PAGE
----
“So why build it? It’s a major ‘ask’ for recently freed slaves to now give part of their meager savings to build a sanctuary. Not only do the Israelites have to pay for the new portable building, but they have to be the manual workers to actually build it.”

According to this scholar, God required the building of the Tabernacle “because God wished to transform our spiritual ancestors from having a passive relationship with God to having an active relationship. Prior to the building of the Tabernacle, God was doing all the ‘heavy lifting’: 10 plagues, the parting of the sea; heavenly bread; miracle after miracle…. But, moving forward, the Israelites needed to not only receive God’s gifts, but to give back in return. By building a sanctuary for God, our spiritual ancestors were demonstrating their own active commitment to bringing holiness into the world through their own words and actions.”[1]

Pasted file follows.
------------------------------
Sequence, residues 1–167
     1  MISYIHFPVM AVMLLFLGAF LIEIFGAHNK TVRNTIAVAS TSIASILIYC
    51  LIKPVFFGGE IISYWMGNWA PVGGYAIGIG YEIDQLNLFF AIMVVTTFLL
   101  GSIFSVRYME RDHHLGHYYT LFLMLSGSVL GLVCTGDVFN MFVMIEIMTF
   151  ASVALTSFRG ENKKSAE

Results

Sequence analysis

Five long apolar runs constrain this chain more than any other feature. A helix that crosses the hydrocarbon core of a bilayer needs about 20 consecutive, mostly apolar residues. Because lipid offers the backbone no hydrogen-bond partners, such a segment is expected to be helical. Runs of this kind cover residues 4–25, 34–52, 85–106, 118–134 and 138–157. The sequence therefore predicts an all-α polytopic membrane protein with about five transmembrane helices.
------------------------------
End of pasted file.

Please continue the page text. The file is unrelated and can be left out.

I have to admit that I do not know Jewish theology well enough to know if this is a common belief. I don’t know if Jewish scholars agree with one another anymore than Christian scholars agree with one another. But it is an interesting and thought-provoking perspective: that the people needed to give back to God, to become an active part of the relationship, rather than only the recipients.